New Delhi: The All India Power Engineers' Federation (AIPEF) has demanded a meeting of the Forum of Regulators immediately and the imposition of a price cap to stop black marketing of power on the energy exchange, mostly by private operators, as India reels under a power crisis. In a letter addressed to Union Minister for Power RK Singh, the AIPEF has also demanded that an expert committee be constituted to fix the responsibility for the coal crisis and to evolve ways and means to avoid such crises in the future.
"The subject of putting a cap on profiteering by IPPs may be discussed and finalised in the Forum of Regulators in the letter and spirit of Section 62(1)a of Electricity Act, 2003, immediately, at topmost priority, to stop black marketing in energy exchange, mostly by private operators, during the crisis," AIPEF Chairman Shailendra Dubey said in the letter.
Pointing out that coal shortage has been recognised as a major factor that has caused a hike in power rates and the ensuing crisis, the AIPEF Chairman urged the Power Ministry to take steps for averting future coal shortages. "In particular, we refer to an interview by the then Coal Secretary in 2016 (Anil Swarup), who stated that in 2016, he had finalised an action plan for the next five years for meeting coal shortages. However, this action plan was not implemented and now the Coal Secretary has retired and it is up to the end user… ie, the Ministry of Power… to take up the issue of coal shortage with the concerned ministries so that the crisis of 2021 does not repeat itself," said Dubey in the letter.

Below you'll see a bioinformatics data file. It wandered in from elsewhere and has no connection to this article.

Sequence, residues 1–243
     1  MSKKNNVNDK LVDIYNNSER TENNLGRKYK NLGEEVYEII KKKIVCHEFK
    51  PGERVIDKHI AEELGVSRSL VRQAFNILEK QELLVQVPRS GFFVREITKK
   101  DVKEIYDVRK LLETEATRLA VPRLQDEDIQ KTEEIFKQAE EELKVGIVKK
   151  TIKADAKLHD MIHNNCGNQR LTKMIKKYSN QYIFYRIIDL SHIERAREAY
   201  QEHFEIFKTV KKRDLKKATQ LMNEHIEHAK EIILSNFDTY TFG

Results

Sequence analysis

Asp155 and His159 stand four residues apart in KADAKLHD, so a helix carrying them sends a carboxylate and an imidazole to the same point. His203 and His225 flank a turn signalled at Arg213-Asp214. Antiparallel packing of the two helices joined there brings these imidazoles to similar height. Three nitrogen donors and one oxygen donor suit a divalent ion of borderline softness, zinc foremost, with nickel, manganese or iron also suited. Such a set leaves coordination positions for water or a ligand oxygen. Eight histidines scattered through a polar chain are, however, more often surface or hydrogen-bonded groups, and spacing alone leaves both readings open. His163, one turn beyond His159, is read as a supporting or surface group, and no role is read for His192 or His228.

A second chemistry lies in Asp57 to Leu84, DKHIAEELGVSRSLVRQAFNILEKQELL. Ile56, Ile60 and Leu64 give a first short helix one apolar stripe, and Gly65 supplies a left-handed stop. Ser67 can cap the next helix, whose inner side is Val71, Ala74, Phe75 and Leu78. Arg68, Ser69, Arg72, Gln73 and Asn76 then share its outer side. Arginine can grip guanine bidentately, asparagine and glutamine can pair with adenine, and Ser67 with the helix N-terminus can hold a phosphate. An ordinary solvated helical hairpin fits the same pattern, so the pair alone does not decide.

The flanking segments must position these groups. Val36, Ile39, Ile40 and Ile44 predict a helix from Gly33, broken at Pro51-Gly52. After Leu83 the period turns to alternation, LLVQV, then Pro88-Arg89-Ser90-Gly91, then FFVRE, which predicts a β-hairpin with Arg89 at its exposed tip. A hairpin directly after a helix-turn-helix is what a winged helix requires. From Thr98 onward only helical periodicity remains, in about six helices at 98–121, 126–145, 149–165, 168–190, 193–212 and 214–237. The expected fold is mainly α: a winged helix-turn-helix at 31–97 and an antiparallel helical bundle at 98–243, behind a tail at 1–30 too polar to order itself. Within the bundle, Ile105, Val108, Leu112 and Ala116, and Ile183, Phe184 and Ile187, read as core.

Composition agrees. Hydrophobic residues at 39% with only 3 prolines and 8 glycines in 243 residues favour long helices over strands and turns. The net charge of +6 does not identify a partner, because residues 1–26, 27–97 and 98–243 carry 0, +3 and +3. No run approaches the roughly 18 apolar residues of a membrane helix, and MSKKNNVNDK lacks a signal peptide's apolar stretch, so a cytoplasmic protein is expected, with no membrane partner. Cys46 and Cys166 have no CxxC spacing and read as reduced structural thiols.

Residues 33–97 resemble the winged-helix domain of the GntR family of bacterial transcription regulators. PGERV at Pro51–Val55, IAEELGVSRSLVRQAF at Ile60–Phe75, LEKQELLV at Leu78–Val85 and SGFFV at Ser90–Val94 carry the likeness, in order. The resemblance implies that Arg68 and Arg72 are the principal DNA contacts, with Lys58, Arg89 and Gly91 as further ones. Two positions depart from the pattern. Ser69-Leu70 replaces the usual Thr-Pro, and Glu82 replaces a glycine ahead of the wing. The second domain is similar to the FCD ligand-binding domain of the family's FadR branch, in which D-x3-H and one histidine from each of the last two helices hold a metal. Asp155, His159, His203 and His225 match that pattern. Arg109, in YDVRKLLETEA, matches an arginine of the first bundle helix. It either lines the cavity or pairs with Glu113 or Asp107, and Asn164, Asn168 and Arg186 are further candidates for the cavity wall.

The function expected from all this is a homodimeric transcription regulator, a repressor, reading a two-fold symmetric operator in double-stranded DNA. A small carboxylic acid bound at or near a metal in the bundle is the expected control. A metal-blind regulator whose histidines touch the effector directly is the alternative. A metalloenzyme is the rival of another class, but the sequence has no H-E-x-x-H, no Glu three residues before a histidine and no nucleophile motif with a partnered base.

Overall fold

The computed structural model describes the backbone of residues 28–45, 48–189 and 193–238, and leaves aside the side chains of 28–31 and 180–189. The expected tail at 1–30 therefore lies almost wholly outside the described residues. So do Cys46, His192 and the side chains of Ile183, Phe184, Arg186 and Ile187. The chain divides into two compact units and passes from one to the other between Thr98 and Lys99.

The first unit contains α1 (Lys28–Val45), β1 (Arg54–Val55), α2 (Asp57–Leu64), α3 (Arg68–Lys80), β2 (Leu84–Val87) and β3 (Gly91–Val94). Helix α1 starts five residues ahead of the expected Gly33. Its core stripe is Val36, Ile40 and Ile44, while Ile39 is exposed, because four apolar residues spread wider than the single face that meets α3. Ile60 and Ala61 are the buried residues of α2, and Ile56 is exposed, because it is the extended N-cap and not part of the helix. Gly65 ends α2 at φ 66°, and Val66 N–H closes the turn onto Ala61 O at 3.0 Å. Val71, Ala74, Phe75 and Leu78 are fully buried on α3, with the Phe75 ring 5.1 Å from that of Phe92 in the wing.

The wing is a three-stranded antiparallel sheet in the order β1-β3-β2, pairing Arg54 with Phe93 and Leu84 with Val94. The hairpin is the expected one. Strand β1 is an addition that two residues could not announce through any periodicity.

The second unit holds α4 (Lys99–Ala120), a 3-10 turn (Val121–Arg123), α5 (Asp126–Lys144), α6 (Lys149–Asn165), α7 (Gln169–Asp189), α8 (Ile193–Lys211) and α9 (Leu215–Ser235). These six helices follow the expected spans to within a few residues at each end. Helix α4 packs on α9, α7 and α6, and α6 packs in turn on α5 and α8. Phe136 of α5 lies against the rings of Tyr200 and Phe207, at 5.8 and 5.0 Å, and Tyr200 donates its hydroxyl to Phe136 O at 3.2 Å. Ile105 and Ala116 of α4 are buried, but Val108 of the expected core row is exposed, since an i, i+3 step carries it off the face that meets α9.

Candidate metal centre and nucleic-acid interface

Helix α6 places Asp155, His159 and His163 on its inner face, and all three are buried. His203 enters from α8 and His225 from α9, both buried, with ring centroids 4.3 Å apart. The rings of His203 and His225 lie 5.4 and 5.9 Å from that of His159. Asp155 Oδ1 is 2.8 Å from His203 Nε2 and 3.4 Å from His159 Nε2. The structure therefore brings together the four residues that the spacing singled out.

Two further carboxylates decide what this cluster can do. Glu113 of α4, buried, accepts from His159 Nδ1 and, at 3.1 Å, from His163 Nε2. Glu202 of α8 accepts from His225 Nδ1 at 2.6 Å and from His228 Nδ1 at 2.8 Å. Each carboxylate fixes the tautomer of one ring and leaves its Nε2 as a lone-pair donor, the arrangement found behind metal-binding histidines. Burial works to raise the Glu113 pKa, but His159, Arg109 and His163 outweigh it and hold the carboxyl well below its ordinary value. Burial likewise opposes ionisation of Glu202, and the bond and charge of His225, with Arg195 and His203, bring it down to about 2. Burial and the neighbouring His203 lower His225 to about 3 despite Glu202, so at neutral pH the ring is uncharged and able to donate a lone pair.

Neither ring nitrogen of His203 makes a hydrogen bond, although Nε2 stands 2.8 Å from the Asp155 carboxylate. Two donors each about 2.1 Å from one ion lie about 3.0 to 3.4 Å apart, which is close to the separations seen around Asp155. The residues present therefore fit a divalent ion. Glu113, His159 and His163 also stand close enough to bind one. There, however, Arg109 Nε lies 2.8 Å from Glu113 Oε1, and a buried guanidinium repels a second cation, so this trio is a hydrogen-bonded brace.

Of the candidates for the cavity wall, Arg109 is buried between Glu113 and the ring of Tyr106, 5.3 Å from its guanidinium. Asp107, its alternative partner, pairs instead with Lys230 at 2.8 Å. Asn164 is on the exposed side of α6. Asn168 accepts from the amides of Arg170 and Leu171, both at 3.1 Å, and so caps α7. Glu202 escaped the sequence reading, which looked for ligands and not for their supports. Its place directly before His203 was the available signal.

The AIPEF has demanded that an expert committee with a CEA member should be constituted immediately to enquire into the coal shortage resulting in power crisis in India. "… so that the reason for the present crisis is technically analysed and accordingly stern action is taken against those responsible for the crisis," said the letter.
The AIPEF also told the Power Ministry that in view of the spike in energy rates due to a shortage of coal, it is necessary for state regulators as well as CERC to intervene and impose price caps to prevent excessive profiteering by independent power producers (IPPs) and also to ensure that unbearable burden is not put on consumers of discoms. "Discoms are constrained to purchase high-cost power in order to limit power cuts. This leads to a deterioration in finances of discoms, which are already stressed. From this angle as well, price caps on merchant power plants are required and the present instances of exploiting shortage by raising the rate to the range of Rs 20 per unit in energy exchange must not be allowed. As per Section 62 (1)a of Electricity Act, 2003, it becomes the duty of the Regulator to impose price caps," said the letter.